As David pens these words, they are sandwiched between a whole lot of other words describing just how much pressure he is under.  The pressure is from without, but it is beginning to affect him on the inside, too.  This is often the case with us - the stuff begins on the outside - exerting pressure of one sort or another.  This pressure has a way of "bullying" us until we either succumb to it, or we get lifted above it.  The time between being "bullied" by the pressures outside of us and the moment we begin to rise above it is what gives us the biggest hassle!  

God wants us to get honest with him about he pressure we are facing - while it is on the outside!  He doesn't want us to internalize that pressure and begin to wallow in our self-pity, fret over our inadequacies, or ridiculously believe we could ever get ourselves out from under the pressures on our own. In fact, he wants us to be open to allowing him to sort out the pressures in his way.  Some of it he may take away, because it only serves the purpose of tearing us apart.  Other pressure, he may actually use as a means of driving us closer to him - causing us to reach a little harder, study a little deeper, until we are changed by the pressure (much like a diamond emerges from the coal).  

As with David, God's hope is for us to admit to the struggle, turning our eyes fully toward him as the hope of our deliverance and the means of our salvation.  Isn't that the real Christmas story anyway?  God coming to earth to provide a means of deliverance and salvation to a world pressured from without and struggling with those pressures within?  As with David, God's hope is that we will realize his intent is to set us on our feet, squarely planted, no wavering to be found in us.  Crying out is the first step to deliverance - it begins the work of salvation in our lives.  I don't know about you, but when I finally get honest enough with myself about my need to be honest with God, I find the pressures within beginning to drain away.  It is the outcome of releasing things which we don't need to carry around any longer to the one capable of dealing with them better than we could ever hope to on our own.

My prayer for you this Christmas - deliverance.  Deliverance from all which burdens your soul and keeps your spirit weighed down.  Deliverance from the pressures within which only tear you apart day after day.  Deliverance from the pull toward that which only promises more misery in your life.  The means to this deliverance - cry out!  God stands ready - you just have to welcome him to do his work in your life.  Just sayin!

Monday, December 23, 2013

A new lamp

Have you ever had one of those moments when you know something and no one else in the group does?  You are almost chatting at the bit to get an opportunity to share it with someone, or perhaps you have been sworn to secrecy and cannot.  Either way, it is almost impossible to contain yourself. The information you possess is almost too big to be contained.  I think this is the way it is with what God gives us - it is almost too big for us to contain it! It leaves us feeling like we'd have to share it or we'd burst.  I like the analogy of heading off to the market one day in search of a new oil burning lamp for the homestead.  You have the anticipation of the journey - for you have a mission in mind.  You have the moment of exploration - for there are many lamps from which to choose.  You have the moment of choice - for just the right one has been selected.  You have the moment of expectation - for you can imagine the light it will bring to your home.  Then at last, you have the joy of experience - for the light shed illuminates like nothing else.  So it is in discovery of the truths God has for our lives.  His question is sincere - if we have such an experience in seeking, obtaining, and experiencing this light, why would we ever tuck it away for no one else to experience?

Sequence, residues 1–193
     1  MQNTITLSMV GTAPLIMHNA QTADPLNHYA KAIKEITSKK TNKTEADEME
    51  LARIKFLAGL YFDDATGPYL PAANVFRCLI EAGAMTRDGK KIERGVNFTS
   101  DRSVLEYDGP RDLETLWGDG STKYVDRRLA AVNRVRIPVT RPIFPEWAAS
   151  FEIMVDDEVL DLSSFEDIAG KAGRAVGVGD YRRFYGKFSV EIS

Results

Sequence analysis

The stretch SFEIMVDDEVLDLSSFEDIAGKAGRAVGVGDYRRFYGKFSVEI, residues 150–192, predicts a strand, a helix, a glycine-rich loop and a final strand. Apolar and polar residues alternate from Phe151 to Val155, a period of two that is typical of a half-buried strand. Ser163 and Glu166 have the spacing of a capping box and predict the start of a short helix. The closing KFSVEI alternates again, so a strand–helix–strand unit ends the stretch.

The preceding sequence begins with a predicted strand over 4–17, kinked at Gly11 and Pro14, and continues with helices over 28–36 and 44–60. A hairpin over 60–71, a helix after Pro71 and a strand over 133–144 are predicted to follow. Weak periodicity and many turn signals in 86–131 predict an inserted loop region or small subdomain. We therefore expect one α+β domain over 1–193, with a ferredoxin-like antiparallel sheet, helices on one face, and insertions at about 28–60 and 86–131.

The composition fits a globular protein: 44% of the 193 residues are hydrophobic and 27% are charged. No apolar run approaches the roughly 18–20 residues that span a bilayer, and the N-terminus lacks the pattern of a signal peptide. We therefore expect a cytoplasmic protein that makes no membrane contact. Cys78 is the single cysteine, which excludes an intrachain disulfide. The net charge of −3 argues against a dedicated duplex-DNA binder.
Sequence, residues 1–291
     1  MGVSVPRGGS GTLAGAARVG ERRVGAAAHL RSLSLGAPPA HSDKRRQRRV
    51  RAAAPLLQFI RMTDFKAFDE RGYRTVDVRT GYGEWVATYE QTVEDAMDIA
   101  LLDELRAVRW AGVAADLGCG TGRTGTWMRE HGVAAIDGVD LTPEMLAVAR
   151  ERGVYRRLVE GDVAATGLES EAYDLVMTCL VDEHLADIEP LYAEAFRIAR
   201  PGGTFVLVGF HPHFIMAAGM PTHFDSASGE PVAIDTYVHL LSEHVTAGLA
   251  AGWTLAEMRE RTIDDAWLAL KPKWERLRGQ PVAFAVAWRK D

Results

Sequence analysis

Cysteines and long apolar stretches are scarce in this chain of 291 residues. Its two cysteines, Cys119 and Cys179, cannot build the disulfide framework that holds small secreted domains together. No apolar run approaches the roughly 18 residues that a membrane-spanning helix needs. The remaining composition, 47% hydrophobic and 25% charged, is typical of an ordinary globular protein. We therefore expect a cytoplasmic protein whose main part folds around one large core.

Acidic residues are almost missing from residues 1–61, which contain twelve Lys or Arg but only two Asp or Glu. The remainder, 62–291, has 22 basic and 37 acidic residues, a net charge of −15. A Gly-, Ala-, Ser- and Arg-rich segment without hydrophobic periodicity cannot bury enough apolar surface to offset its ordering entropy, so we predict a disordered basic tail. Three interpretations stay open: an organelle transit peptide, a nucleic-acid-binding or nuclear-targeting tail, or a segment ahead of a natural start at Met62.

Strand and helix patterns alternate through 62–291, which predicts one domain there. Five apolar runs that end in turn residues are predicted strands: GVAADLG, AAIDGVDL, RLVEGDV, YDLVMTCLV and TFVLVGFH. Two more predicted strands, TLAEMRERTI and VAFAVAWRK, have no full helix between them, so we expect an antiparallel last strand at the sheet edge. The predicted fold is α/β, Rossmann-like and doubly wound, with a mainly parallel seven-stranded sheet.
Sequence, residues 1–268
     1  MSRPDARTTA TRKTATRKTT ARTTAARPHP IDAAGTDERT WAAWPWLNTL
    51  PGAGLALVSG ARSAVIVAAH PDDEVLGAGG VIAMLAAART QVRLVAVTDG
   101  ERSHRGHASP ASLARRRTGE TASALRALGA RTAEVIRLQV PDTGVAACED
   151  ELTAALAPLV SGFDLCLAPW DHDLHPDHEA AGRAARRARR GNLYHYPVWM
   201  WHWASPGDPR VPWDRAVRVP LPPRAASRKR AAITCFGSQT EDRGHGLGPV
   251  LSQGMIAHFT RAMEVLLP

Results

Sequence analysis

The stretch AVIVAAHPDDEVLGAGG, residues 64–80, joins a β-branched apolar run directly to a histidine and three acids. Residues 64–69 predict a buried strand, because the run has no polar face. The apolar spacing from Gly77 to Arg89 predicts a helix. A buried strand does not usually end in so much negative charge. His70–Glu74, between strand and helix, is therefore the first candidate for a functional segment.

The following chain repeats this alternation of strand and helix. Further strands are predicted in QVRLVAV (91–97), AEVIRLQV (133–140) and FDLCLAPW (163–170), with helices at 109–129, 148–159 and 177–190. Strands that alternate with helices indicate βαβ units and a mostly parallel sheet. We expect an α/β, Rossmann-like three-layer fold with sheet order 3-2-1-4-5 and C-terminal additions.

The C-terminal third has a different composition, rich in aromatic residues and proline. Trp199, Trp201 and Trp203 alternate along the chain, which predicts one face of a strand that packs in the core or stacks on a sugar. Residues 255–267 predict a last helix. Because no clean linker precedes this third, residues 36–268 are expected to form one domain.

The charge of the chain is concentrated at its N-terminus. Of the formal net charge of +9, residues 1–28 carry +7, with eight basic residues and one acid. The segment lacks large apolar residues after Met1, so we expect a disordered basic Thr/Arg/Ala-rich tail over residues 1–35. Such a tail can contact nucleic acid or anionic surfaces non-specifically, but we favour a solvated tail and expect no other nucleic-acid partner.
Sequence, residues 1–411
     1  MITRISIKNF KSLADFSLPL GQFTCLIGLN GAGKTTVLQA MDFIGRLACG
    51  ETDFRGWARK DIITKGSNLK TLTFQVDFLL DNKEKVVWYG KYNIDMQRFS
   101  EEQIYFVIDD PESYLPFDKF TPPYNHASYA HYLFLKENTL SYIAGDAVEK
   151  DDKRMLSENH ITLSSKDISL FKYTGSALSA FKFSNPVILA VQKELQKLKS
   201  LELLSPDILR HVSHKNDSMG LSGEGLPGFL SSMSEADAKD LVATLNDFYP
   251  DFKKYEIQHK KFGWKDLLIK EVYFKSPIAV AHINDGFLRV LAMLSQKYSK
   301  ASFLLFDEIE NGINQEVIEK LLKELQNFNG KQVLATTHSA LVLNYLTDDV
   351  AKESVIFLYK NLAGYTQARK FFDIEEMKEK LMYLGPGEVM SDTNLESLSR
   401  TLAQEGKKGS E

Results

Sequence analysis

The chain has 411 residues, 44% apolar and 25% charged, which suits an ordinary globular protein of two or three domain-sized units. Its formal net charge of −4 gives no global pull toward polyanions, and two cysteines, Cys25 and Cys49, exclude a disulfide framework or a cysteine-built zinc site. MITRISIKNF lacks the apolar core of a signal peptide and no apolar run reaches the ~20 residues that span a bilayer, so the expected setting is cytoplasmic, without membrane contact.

Jesus went on: “Does anyone bring a lamp home and put it under a washtub or beneath the bed? Don’t you put it up on a table or on the mantel? We’re not keeping secrets, we’re telling them; we’re not hiding things, we’re bringing them out into the open. “Are you listening to this? Really listening? “Listen carefully to what I am saying—and be wary of the shrewd advice that tells you how to get ahead in the world on your own. Giving, not getting, is the way. Generosity begets generosity. Stinginess impoverishes.” (Mark 4:21-25 MSG)

Looking at this analogy of obtaining the lamp, let's break it down a little more:

- You have the anticipation of the journey - for you have a mission in mind. Anticipation is best understood as a type of "foretaste".  There is some kind of hope which actually sets things in motion in your lives.  We often don't know what it is we will discover as we spend time with Jesus, but we know from previous "tastes" of time in his presence, it is a good thing.  What you may not realize is that the word "anticipation" is a noun of ACTION.  To anticipate something doesn't mean we wait in inactivity for whatever it is we hope to received from our time with God - it means we enter into his presence with ACTION (not activity).  There is a purpose - an intent - and it moves us.

- You have the moment of exploration - for there are many lamps from which to choose.  This is a moment of examination - for some things worth having require a little determined examination to uncover.  I have learned this as I have been exposed to a few antique shops in my recent travels.  Not all shops put the "good finds" right out there in the open.  You almost always have to dig through shelf after shelf, box after box, or hidden crannies to find it.  I think God may give us these times of examining what he has for us because he wants to us to come to a place of determined commitment to "find".